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Diversifying utopia

31 Mar 2016 Robert P Crease
Taken from the March 2016 issue of Physics World

Robert P Crease notes a remarkable absence at the heart of Francis Bacon’s 17th-century vision New Atlantis


In around 1612, an English vessel set sail across the Pacific westbound from Peru with a year’s worth of supplies. At first the winds blew favourably, but after a few months they changed direction. For a while, the boat’s progress merely stalled but eventually the sailors were blown far off their route. Struggling against the elements, they exhausted their provisions and many fell ill. Abandoned to nature – and feeling lost in “the greatest wilderness of waters in the world” – they gave up hope, prayed and “prepared for death”.

A miracle saved them. Cloud formations appeared that usually indicate land, and the sailors headed that way. Soon they came upon a hitherto unknown island with a small but well-built port. After landing and disembarking, the crew learned that the island, called Bensalem – a name that joins a Hebrew word meaning son or offspring with one meaning peace, safety or completeness – was efficiently and wisely ruled by an academy of scientists called Salomon’s House. The sick sailors were cured, and those who had been victims of nature now felt free.

Thus begins New Atlantis by the philosopher and scientist Francis Bacon (1561–1626). Like any parable, its metaphors are easy to decode. The vessel represents humanity making its long journey in an often unpredictable and threatening world. Without special knowledge of this world, the sailors get weary, sick and lost. When finally saved, their first instinct is to attribute their salvation to a miracle, though in reality they were saved and cured by humans who had taught themselves to understand and control nature – even, apparently, the weather conditions that brought the sailors to the island.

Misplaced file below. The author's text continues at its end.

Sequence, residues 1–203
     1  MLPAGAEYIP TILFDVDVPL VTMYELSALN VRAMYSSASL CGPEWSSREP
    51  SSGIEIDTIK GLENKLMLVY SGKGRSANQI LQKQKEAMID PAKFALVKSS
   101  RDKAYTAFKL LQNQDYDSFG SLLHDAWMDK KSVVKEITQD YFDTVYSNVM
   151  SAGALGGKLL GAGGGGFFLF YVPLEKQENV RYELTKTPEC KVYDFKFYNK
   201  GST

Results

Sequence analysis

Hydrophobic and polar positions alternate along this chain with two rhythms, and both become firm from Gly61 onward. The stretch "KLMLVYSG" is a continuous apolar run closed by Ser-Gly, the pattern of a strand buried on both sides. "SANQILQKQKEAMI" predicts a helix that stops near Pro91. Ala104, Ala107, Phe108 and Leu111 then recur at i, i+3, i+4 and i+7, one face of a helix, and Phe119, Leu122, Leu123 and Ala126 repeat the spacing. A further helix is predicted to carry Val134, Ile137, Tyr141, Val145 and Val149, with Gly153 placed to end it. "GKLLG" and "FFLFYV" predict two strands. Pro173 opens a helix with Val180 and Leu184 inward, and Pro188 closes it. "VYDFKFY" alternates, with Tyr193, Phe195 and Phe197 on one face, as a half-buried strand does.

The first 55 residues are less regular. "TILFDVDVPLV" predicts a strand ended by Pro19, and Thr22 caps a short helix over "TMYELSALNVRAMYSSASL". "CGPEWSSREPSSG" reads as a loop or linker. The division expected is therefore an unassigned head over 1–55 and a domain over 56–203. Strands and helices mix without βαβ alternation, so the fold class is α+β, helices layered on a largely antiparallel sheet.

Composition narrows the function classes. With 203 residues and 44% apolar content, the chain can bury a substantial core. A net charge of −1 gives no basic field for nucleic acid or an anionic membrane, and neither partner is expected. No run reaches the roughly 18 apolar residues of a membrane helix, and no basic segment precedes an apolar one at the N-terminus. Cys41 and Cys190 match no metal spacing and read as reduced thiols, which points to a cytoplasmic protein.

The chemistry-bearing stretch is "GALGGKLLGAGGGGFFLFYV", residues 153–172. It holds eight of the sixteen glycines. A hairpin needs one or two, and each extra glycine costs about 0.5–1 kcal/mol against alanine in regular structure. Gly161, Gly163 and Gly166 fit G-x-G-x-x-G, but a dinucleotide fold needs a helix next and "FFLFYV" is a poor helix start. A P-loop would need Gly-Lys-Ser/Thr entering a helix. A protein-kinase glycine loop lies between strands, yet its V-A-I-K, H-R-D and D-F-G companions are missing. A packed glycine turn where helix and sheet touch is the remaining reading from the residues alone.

Bensalem is Bacon’s vision of a community organized to take full advantage of science and technology. He realized that science and technology would not only revolutionize how we think about the world, but also how we must organize ourselves socially and politically. Scholars find New Atlantis fascinating because, before the advent of modern science, Bacon understood how vastly collaborative an effort it would have to be.

Bacon describes Bensalem as open to diversity. While predominantly Christian, for instance, it includes a practising Jewish community whose members are regarded as equals. But where are the women? While Bacon has been taken to task for his occasional use of sexist language (“Cooking Bacon”, November 2015), I am unaware of anyone who has discussed the virtual absence of women from his scientific utopia.

The vessel that sails into Bensalem does not seem to have any women on board. Salomon’s House, while having men and women among its attendants and servants, is governed by a board of “fathers”. Still more disturbing is Bacon’s description of Bensalem’s “Feast of the Family,” which celebrates men who have sired 30 living descendants. During this festival, the father is seated on a special chair whose canopy has been decorated by his daughters. The mother? She’s kept out of sight in a room off to the side behind a concealed door.